Declaration Signer William Ellery Superb Signature
Fantastic William Ellery Signature on verso of a manuscript document. 6" x 2.25". Dated on verso "Audited April 1771", and signed on the verso by Ellery as "William Ellery". The page was inlaid to another sheet to a completed size of 8.25" x 3". Tiny hole along bottom edge, else bright with strong contrasting ink.
As the colonial disputes with England became more and more intense, Ellery helped lead a riotous march of Rhode Islanders though Providence in resistance to the Stamp Act in 1765, and again helped support efforts against the Intolerable Acts of 1767. The First Continental Congress, meeting in Philadelphia in the Fall of 1774, aroused admiration in Ellery for the stand they made in resisting British authority on matters internal to the Colonies. He felt strongly that the local bodies in each colony were quite capable of managing their own internal affairs without the intrusions of Royal interference from more than 3,000 miles away.
After the actual fighting at Lexington/Concord on 19 April 1775, and the assembly of the Second Continental Congress on 10 May, Ellery became extremely concerned that no pusillanimous approach to the British acts of violence, such as "accommodation" that a few delegates were espousing, would gain approval. Ellery announced, "You must exert yourself. To be ruled by Tories, when we may be ruled by Sons of Liberty" how debasing. There is liberty and fire enough, it only requires the application of the bellows. Blow, then, a blast that will shake this country." He let it be known that he would stand for office as a delegate, should a vacancy occur.
William Ellery was chosen to replace Mr. Ward of Rhode Island and attended the Second Continental Congress in Philadelphia and presented his credentials on 16 May, 1776, and took his seat. He voted for the Resolution for Independence on 2 July, and the Declaration on 4 July 1776. On 10 July 1776, William Ellery wrote to his brother, Benjamin, including this sentence, "We have lived to see a Period which a few years ago no human forecast could have imagined – to see these Colonies shake off and declare themselves independent of a State which they once gloried to call Parent …"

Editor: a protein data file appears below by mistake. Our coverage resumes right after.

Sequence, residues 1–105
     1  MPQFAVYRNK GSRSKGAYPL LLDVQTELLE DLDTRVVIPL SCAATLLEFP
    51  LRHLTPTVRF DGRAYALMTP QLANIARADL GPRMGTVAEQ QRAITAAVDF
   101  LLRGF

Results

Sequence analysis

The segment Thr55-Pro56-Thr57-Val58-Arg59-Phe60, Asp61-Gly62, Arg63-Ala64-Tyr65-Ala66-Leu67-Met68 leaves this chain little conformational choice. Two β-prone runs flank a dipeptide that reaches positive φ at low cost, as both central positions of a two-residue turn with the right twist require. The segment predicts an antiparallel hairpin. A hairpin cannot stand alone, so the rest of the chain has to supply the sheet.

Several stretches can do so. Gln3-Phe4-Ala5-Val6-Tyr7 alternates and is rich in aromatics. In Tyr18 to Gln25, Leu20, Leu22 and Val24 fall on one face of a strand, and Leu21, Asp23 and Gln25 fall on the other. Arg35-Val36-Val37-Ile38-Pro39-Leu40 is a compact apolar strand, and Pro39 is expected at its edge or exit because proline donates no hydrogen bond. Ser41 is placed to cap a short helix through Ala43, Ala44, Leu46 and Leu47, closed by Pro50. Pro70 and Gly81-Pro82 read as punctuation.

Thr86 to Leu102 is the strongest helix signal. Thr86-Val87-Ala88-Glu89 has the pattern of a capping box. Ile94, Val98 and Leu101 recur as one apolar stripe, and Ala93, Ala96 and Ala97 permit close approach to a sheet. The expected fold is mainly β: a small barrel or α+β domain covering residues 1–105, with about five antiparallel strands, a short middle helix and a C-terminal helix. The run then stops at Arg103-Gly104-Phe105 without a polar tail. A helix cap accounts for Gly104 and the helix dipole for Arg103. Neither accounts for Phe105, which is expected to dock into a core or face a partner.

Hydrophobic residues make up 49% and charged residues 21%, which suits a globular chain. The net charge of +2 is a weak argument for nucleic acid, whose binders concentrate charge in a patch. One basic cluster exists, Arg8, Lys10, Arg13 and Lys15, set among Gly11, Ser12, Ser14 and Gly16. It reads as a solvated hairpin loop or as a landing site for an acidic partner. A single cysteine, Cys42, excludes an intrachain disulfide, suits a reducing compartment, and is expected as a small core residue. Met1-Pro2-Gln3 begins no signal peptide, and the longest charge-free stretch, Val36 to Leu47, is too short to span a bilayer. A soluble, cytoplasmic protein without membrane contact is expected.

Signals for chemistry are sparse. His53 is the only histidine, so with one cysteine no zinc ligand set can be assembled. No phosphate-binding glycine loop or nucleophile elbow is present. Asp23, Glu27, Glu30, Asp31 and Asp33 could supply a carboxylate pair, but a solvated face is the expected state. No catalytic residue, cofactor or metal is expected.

Ellery was present to sign the engrossed copy of the Declaration of Independence on 2 August 1776 along with most of the other signers. This is what he wrote about this famous event: "I was determined to see how they all looked "as they signed what might be their death warrant I placed myself beside the Secretary Charles Thomson and eyed each closely as he affixed each name to the document. Undaunted resolution was displayed in every countenance."
This item comes with a Certificate from John Reznikoff, a premier authenticator for both major 3rd party authentication services, PSA and JSA (James Spence Authentications), as well as numerous auction houses.
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